Connection Between Pain and Pleasure

“We must embrace pain and burn it as fuel for our journey.”  -Kenji Miyazawa

The relationship between pain and pleasure in human sexuality is as profound as it is complex. It is a polarity that lives in each of us and deserves our curiosity.  Sadly, it is not unusual for us to close down to situations that we fear will bring pain and discomfort. Replacing our tendency of avoidance with a capacity for wonder when it comes to our pain associations with sex is eye opening and has the potential to release an untapped capacity for pleasure.

Each time I have sex I am struck by the ecstatic release of deep pleasure, which ignites an equal release of intense pain. The pelvic cavity, one of the most miraculous wonders in the human body, balancing both the capacity to walk erect and procreate, is a truth teller for most of us. It is an internal space where sensation is leader and I have long wondered what begets what, if it is actually the intensity of the pain that arouses the pleasure or the other way around. So difficult it is to tease out, that I have come to believe that the pain/pleasure of our deepest sexual release is one in the same.

In fact, love, sex, pain and violence all stimulate the release of similar chemicals and hormones in the human body. Endorphins that are released in painful experiences are often perceived as pleasurable. Stress and pain can also stimulate the serotonin and melatonin production in the brain, which transforms painful experiences into pleasure. The release of epinephrine and norepinephrine in pain can also cause a pleasurable ‘rush’. Normal human biological response actually supports the complex and mysterious link between pain and pleasure, which we see in the runner’s high and the facial expressions during orgasmic release.

Given our biology, it is not terribly surprising that the practice of combining painful techniques with sexuality is ancient. Roman poets, ancient tribal drawings and even the Kama Sutra all refer to safe practices of what has come to be known as BDSM. This acronym, which refers to Bondage, Discipline, Sadism and Masochism, reflects the ancient sexual rituals of sexual dominance and submission that have qualified sex throughout history. Depending on the study examined, particularly in the U.S. and Europe, the percentages of people who practice some form of these techniques is between 10-25%. Interestingly, this percentage is matched by an equally significant percentage of people who become cutoff from their sexuality due to their fear of the pain associated with sex.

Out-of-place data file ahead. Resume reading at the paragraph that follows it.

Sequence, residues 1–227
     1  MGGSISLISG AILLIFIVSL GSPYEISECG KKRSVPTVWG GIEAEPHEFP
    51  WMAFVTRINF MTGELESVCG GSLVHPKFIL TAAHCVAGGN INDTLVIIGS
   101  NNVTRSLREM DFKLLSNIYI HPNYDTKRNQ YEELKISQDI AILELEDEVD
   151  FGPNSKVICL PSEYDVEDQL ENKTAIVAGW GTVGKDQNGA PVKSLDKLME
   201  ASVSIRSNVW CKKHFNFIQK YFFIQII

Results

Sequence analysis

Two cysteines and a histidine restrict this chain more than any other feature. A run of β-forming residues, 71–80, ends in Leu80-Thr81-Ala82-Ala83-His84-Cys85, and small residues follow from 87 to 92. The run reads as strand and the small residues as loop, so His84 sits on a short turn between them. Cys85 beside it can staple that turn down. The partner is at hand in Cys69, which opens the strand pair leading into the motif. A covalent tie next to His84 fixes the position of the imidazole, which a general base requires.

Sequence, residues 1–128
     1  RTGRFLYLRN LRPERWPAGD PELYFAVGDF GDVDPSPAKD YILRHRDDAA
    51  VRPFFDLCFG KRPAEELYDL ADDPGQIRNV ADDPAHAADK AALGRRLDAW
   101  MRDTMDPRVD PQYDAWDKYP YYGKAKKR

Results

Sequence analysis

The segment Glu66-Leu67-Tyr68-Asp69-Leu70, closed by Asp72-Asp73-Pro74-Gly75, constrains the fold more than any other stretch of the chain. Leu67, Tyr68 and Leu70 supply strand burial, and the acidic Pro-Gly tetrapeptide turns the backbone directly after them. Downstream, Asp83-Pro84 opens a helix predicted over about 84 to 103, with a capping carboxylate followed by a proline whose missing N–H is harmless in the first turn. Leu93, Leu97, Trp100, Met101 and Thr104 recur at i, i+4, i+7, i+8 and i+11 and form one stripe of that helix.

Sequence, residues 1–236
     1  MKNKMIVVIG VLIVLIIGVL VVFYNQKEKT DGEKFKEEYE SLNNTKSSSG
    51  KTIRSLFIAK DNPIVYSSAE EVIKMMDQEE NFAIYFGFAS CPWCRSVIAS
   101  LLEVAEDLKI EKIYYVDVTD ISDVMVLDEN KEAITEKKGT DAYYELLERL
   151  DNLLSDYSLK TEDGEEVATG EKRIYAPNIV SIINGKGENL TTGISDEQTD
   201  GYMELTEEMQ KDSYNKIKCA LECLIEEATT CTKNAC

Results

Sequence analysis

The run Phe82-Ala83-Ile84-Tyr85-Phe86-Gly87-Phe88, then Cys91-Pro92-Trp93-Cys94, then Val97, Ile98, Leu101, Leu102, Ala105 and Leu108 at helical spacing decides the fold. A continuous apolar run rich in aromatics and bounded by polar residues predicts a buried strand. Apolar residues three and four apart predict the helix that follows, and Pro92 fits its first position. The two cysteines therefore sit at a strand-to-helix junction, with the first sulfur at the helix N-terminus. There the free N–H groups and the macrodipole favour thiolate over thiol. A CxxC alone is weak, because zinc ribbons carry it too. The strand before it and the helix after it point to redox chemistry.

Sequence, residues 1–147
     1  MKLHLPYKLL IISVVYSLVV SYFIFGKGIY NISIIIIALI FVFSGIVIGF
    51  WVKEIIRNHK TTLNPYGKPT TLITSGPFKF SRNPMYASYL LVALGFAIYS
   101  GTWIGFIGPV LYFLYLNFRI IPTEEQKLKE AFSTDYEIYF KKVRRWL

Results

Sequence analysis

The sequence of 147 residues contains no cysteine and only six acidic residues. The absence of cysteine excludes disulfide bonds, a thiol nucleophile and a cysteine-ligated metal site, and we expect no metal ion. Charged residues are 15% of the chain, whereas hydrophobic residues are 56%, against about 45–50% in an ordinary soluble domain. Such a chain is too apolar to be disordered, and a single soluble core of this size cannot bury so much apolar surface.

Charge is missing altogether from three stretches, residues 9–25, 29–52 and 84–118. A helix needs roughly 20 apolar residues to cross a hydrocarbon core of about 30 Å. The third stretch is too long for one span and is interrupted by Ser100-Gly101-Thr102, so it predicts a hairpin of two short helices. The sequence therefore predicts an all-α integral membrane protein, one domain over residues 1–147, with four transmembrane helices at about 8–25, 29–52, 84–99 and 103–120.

Looking at how our sexual experience is mirrored in the emotions and soul of our relationship offers an illuminating perspective. Here is my hypothesis: loving someone emotionally creates the same pain/pleasure experience that lives in the body while making love to them. The moments of deep connection and intimacy, vulnerability and nakedness are matched by their opposite experience: feeling deeply hurt by your lover, by what was said, or, just as often, what went unsaid.

The act of loving in whatever form requires a willingness to experience both the pain and pleasure. This is the piece of sustaining loving relationships that is easy to miss, or at least misunderstand, and tragically the place where we walk away from the heart of what we want most.



Danuta Watola
Danuta W4 years ago

Thanks for the info.

Amber Beasley
Amber Beasley4 years ago


Carole R.
Carole R6 years ago


Anja N.
Justin R6 years ago

Thank you for your article.

Cyrille D.
Cyrille D6 years ago

Opposites are in everything, everywhere. The good/bad, the pain/pleasure...there could be no light without darkness. That's what we tend to forget : we need both. That's a Law of Life. A Law of Nature. A necessity for us to understand the true meaning of things and enlighten ourselves really.

Tonya Freeman
Tonya Freeman6 years ago

I was thinking of this subject a few days ago and shared my thoughts with a friend. The pain/pleasure dynamic is indeed interesting and complex. Thank you for sharing this and it is a confirmation for me. Now to move forward.

Ernie Miller
william Miller6 years ago

thanks interesting

Mary B.
Mary B6 years ago

I understand how the body would create the same chemistry, in one case to relieve pain, and in the other to feel good, but the emotional self sure aught to know the difference between a lover who seeks to pleasure, and an s.o.b who only wants to cause pain as a form of control. This may be why so many sexualy molested children feel guilty. They feel the pleasure of endorphins while haveing their innocence betrayed.

Nita Smith
Nita Smith6 years ago

I wish they were equally alike, then I would know the animals didn't suffer as much as I feel they do. It would be so good to know that they would release certain endorphins to cushion them from pain, and I pray that happens. As for humans? I lost my soul mate husband and I have never been through any pain like it. I can say though, that throughout it all, I did feel a loving guidance with me and an inner voice talking me through the reasons and the hurdles. I finally came out the other side and the thing that most motivates me now is the knowledge that the animals suffer far worse pain than we do and I have devoted the rest of my life to serving them and the environment.

Faith Purdy
Faith Purdy6 years ago

very interesting, thank you